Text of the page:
Tropical Moisture, Arctic Anticyclones, and Upper-Level Jets: An Ice-Storm Recipe Par-Excellence
The meridional 1000–500-hPa thickness gradient across the aforementioned jet was > 84 dam per 1000 km (equivalent to a layer-mean temperature difference of 42 C) and was manifest by 1000 – 500-hPa thickness values that ranged from < 480 dam over Labrador to > 564 dam over southern New York and New England. This strong meridional thickness gradient was established by a strongly confluent flow pattern that enabled the juxtaposition of arctic and tropical air masses over eastern North America. Anticyclogenesis over eastern Canada associated with an arctic potential vorticity anomaly and an arctic air mass strengthened the lower-tropospheric meridional thickness gradient and contributed to strong lower-tropospheric frontogenesis. Heavy rainfall associated with a tropical air mass that was characterized by +4 to +5 standardized precipitable water anomalies contributed to diabatically enhanced upper-tropospheric ridging over the Great Lakes and the Northeast and to the establishment of deep tropospheric baroclinicity.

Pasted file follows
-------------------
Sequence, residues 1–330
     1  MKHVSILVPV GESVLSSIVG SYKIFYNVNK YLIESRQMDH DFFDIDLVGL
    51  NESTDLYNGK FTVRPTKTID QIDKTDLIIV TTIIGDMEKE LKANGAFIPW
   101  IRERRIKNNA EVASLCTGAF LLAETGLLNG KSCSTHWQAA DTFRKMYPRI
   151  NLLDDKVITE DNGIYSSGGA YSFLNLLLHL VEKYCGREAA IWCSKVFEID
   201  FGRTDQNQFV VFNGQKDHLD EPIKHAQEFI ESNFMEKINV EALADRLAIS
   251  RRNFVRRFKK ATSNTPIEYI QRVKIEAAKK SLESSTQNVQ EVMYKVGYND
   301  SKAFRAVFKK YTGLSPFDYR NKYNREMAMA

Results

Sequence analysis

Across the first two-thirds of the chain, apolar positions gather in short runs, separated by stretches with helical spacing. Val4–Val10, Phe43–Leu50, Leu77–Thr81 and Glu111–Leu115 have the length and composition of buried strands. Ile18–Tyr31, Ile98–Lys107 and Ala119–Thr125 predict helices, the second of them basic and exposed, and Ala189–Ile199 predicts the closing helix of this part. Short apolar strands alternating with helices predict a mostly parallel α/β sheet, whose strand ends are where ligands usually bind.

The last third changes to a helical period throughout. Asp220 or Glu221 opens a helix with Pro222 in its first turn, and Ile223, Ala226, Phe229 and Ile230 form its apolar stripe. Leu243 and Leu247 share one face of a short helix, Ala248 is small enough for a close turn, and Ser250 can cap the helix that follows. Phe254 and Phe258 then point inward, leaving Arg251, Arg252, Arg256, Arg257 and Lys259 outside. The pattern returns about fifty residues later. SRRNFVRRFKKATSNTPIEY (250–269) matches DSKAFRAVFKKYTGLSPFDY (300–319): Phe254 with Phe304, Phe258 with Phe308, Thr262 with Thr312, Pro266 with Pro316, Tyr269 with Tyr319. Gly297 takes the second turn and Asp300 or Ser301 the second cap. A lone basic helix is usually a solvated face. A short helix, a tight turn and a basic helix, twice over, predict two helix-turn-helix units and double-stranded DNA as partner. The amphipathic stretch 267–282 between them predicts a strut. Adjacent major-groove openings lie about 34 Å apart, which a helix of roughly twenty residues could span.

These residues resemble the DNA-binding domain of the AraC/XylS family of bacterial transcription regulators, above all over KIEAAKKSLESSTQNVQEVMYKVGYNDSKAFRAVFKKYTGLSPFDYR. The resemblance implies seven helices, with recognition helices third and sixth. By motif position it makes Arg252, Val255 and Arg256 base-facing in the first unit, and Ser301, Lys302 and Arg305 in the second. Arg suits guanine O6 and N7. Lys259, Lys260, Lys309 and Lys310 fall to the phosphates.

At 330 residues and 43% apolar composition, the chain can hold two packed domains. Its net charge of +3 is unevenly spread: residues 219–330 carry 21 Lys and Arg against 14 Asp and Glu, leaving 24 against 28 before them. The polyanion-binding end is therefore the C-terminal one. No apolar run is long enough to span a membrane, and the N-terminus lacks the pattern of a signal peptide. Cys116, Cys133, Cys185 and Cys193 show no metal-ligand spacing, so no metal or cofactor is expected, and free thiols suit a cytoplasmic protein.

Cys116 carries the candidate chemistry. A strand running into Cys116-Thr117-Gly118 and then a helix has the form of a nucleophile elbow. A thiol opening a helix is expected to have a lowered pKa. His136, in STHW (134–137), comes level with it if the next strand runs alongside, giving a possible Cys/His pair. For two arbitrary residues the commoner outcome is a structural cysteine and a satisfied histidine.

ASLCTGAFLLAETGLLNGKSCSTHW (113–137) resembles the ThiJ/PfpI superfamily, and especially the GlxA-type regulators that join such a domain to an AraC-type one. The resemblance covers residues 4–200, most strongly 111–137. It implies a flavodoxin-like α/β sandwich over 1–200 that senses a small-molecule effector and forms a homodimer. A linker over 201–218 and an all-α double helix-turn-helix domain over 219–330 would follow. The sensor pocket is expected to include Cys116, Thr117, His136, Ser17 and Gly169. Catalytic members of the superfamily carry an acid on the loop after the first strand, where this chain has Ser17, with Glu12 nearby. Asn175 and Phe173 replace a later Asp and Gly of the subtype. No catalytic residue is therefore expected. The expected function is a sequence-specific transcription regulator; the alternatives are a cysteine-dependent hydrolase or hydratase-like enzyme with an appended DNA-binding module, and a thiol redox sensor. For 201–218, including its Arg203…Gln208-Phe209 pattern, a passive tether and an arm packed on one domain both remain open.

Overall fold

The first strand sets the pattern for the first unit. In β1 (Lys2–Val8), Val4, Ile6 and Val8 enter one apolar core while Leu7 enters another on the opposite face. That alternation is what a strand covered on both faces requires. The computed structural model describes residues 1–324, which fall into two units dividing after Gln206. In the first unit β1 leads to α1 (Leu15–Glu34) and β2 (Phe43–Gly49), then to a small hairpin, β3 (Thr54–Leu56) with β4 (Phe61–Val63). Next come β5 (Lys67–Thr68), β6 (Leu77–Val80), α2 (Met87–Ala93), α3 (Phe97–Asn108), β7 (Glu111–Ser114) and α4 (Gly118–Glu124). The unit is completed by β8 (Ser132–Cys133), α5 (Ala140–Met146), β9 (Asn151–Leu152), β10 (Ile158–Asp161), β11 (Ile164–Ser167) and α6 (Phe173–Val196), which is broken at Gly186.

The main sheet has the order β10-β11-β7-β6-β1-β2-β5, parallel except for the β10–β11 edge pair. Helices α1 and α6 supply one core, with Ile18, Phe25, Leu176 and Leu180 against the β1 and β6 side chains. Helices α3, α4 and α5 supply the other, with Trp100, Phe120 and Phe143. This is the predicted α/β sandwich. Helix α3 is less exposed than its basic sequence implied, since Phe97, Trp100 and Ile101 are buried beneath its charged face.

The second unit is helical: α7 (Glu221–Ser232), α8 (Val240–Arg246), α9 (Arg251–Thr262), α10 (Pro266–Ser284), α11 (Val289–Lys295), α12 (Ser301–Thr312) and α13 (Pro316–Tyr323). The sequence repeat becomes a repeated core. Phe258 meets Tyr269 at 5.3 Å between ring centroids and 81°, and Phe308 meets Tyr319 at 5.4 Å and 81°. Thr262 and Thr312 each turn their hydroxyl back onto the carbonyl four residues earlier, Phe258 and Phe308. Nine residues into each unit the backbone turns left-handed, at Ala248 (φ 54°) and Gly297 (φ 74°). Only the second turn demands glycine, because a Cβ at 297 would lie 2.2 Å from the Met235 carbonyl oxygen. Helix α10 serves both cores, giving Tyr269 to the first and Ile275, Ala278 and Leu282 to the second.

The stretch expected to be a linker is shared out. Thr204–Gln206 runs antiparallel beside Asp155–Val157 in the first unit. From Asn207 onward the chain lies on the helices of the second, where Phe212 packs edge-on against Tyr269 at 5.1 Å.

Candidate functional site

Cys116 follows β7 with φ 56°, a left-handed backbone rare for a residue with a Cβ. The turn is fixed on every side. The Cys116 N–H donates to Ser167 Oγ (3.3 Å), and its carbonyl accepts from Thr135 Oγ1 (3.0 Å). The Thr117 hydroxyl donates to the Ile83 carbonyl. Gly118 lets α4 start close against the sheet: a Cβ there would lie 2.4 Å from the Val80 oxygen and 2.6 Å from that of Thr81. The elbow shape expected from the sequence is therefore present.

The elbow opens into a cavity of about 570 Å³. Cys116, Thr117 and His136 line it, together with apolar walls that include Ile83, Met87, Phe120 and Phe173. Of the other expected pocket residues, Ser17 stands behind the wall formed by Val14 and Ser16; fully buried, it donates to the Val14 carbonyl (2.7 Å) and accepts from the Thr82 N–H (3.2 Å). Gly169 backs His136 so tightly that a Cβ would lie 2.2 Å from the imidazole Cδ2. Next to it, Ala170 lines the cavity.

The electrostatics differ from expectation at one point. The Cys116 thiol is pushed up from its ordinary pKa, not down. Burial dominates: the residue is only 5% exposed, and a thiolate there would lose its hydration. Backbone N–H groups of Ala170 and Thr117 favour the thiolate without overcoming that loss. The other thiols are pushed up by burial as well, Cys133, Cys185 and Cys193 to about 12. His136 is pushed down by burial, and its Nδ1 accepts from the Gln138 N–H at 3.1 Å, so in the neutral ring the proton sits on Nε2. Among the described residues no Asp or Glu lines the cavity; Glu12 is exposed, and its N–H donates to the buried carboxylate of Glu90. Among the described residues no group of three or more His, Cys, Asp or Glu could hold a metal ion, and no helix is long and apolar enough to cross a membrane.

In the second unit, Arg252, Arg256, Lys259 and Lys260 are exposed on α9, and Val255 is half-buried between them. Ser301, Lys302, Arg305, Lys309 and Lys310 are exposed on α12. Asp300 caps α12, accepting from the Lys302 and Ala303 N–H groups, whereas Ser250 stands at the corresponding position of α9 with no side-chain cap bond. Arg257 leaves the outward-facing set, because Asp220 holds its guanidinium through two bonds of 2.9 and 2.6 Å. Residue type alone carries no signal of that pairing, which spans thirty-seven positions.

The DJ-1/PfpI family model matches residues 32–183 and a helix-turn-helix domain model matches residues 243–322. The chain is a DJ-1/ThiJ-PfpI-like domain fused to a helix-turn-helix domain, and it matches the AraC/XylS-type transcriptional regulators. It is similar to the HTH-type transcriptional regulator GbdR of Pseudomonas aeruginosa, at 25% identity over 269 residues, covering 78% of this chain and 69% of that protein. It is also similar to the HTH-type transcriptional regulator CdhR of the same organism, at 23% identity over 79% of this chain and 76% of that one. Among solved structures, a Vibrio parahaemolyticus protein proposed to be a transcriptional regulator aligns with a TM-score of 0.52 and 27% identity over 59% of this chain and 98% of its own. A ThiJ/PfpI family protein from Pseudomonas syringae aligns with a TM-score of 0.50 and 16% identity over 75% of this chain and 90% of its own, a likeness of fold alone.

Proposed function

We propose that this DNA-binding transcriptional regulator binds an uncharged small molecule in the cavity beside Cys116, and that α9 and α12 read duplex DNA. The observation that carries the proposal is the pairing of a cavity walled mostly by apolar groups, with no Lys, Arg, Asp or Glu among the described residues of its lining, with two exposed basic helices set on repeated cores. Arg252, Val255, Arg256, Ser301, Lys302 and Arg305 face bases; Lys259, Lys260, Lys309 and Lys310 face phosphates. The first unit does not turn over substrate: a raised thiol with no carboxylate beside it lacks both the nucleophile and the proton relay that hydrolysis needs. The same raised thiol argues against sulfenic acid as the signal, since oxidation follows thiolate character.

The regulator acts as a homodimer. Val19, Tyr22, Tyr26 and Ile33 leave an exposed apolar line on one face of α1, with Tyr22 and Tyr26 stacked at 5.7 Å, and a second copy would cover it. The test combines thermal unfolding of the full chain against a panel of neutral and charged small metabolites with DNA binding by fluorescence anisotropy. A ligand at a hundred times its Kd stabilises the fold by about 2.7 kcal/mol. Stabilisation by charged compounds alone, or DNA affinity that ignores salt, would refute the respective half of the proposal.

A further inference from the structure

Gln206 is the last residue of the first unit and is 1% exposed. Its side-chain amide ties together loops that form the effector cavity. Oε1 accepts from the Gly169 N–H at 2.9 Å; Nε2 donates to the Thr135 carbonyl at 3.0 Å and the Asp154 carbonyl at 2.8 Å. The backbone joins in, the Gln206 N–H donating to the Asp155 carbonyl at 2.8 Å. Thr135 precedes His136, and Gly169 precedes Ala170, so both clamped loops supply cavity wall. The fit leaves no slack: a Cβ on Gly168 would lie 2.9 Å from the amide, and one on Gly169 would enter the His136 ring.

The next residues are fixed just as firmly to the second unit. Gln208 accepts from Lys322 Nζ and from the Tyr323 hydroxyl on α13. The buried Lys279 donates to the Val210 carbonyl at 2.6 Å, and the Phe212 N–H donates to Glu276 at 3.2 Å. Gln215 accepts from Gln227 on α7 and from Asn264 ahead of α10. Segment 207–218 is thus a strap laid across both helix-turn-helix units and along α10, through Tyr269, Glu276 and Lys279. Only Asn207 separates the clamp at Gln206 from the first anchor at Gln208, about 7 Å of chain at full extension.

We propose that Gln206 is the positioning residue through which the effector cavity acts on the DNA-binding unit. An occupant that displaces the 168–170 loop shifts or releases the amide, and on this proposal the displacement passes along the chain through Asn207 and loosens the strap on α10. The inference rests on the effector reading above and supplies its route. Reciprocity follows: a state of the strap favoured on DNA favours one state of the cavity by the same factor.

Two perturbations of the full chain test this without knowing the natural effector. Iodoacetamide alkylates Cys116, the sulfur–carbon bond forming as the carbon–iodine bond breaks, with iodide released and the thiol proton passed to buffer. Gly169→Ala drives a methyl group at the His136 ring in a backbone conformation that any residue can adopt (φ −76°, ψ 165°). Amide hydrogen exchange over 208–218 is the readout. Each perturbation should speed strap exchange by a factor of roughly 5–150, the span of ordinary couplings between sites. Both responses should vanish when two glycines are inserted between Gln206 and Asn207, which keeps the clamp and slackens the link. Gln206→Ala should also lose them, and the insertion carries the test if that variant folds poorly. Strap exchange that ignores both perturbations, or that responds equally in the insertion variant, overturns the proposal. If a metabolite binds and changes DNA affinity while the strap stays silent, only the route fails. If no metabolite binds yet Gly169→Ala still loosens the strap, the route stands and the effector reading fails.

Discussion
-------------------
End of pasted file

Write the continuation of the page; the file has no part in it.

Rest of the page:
Shallow arctic air, driven southward by surface anticyclogenesis in the poleward entrance region of the strong jet, was able to seep even farther southwestward and southward in regions of terrain flow channeling in the St. Lawrence, Champlain, Hudson, and Connecticut River Valleys, as well as along the western side of the Adirondacks. As this shallow arctic air penetrated southward, lower-tropospheric baroclinicity was enhanced in the equatorward entrance region of this strong jet. Warm-air advection and deep ascent in the tropical air mass above this shallow arctic air in the equatorward entrance region of the aforementioned jet set the stage for a widespread disruptive ice storm from the Great Lakes eastward across southern Canada, northern New York, and northern New England. A synoptic and climatological analysis will be used to show important meteorological details of jet-related ice storm. The results will also be interpreted in the context of the potential for adverse societal impacts.